are visible in the background.|
(U.S. Navy photo Digital ID #HAER WASH, 18-BREM.3-2 from the Library of Congress, Prints & Photographs Division)
|180k||.. July 1994: Naval Inactive ship Maintence Facility, Bremerton, Wash. - Sailfish (USS 572),
Francis Hammond (FF 1067), Stein and
Roark (FF 1053) in mothballs at the Puget Sound Naval Shipyard.
(Photo by Gilbert Gyssels).
|155k||27 July 1996: Naval Inactive ship Maintence Facility, Bremerton, Wash. -
Francis Hammond (FF 1067), Stein, Roark (FF 1053), and
New Jersey (BB 62) in mothballs, nested at the Puget Sound Naval Shipyard.|
(Photos by Gilbert Gyssels)
|View the USS Stein (DE 1065) DANFS history entry located on the Naval History and Heritage Command web site.|
|Stein's Commanding Officers
Thanks to Wolfgang Hechler & Ron Reeves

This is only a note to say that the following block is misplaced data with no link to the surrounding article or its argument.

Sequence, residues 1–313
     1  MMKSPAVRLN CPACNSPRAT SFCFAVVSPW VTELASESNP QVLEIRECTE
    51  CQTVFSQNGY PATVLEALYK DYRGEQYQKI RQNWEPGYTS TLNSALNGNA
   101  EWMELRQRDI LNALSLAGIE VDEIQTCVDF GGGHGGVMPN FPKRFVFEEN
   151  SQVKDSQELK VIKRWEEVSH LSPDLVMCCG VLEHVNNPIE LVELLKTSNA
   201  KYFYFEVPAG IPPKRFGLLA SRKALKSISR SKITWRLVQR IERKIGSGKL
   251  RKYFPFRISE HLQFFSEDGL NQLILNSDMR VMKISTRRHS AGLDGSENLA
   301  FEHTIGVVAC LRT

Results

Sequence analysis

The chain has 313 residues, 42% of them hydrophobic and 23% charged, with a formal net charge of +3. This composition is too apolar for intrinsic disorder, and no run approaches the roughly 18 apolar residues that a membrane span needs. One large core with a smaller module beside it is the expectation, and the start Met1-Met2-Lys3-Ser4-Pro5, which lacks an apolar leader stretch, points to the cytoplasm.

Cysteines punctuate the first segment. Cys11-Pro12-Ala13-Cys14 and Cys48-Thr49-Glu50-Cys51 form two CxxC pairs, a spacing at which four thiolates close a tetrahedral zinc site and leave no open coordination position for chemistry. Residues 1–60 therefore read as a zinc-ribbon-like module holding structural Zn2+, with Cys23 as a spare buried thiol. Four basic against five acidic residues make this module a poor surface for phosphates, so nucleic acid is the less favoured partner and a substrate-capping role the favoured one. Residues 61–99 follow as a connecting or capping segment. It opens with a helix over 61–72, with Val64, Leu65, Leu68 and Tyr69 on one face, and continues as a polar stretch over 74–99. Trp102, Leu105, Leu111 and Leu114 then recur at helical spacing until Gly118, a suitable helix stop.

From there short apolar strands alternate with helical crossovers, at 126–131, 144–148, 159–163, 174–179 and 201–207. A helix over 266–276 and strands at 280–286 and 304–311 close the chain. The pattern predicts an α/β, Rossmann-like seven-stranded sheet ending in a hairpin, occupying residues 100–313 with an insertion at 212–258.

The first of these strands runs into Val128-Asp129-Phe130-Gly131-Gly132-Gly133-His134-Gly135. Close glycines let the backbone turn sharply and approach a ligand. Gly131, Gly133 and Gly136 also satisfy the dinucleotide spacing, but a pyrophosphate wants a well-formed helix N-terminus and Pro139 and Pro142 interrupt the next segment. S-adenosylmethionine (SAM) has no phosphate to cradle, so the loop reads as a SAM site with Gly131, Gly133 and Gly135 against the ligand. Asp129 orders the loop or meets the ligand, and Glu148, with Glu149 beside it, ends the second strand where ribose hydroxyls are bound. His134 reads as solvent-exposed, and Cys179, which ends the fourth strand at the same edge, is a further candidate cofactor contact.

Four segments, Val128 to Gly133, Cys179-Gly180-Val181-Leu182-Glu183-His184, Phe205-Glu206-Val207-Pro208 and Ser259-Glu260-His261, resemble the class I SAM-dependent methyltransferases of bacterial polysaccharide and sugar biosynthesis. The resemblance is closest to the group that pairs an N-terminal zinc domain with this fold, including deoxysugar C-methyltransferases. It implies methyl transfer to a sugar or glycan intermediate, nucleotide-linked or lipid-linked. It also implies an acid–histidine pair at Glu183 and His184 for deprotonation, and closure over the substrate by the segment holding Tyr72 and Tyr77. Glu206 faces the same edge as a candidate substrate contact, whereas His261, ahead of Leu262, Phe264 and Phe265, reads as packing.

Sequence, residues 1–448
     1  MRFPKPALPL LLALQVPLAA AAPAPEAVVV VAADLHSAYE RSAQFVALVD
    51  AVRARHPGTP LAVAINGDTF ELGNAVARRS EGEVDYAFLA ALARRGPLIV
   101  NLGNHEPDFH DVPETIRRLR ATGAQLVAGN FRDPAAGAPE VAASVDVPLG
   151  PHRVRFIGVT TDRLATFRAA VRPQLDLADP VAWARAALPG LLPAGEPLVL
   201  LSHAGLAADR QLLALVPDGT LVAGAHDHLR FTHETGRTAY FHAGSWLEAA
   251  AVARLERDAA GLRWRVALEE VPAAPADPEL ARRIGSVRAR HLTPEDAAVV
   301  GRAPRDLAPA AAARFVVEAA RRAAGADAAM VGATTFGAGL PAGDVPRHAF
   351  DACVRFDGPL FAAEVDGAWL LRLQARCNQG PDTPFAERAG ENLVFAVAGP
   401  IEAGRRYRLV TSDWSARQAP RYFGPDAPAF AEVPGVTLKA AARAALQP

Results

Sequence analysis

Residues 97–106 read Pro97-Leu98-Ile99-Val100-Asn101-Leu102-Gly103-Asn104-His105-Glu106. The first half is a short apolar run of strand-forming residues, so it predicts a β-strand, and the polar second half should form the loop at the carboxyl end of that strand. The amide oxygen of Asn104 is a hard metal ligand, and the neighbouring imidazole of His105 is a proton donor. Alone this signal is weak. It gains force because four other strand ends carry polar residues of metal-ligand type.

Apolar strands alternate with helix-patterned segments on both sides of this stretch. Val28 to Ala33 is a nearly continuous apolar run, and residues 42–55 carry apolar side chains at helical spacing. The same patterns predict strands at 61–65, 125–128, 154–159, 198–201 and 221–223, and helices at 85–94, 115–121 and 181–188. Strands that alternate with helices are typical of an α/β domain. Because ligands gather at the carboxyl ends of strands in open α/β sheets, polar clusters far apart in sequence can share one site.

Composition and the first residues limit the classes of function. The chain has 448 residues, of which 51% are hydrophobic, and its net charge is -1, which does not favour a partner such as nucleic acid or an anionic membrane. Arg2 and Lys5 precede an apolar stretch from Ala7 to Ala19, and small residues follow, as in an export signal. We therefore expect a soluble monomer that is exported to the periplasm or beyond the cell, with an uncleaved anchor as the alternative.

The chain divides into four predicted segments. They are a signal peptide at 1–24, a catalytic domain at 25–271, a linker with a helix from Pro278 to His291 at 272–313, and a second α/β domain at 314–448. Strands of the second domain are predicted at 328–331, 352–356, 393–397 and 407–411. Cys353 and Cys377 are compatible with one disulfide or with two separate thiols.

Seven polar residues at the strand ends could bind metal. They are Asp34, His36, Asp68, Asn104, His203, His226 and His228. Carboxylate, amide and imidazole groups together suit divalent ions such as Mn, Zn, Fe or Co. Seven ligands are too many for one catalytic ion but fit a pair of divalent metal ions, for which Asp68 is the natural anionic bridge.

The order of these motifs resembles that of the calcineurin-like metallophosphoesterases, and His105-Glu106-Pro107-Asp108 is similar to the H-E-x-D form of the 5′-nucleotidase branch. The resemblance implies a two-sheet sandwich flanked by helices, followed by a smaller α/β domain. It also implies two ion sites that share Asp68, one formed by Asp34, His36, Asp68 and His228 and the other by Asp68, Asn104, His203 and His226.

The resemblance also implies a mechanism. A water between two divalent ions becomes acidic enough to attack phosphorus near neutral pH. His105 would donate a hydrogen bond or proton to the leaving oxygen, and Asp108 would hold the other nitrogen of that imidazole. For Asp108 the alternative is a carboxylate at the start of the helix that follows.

|Dates of Command||Commanding Officers|
|1.) 08 Jan. 1972 - 01 Jul. 1973||Cmdr. Nepier Vrabel Smith (Annapolis, Md.)|
|2.) 01 Jul. 1973 - 26 Jun. 1975||Cmdr. Walter Alvin Reister (USNA '58) (Sparta, Mich.)|
|3.) 26 Jun. 1975 - 27 Dec. 1976||Cmdr. Norman Leroy Rentle (OCS '55) (Redding, Cal.)|
|4.) 27 Dec. 1976 - 02 Jan. 1977||Capt. Robert C. Gardner|
|5.) 02 Jan. 1977 - 12 May 1979||Cmdr. Robert Milton Gillett Jr. (OCS '58) (Navy Jr., San Diego, Cal.)|
|6.) 12 May. 1979 - 19 Jun. 1981||Cmdr. Ronald F. Walters (USNA '63) (Hays, Kan.)|
|7.) 19 Jun. 1981 - 27 Sep. 1983||Cmdr. Harold John Grosser Jr. (New York, N.Y.)|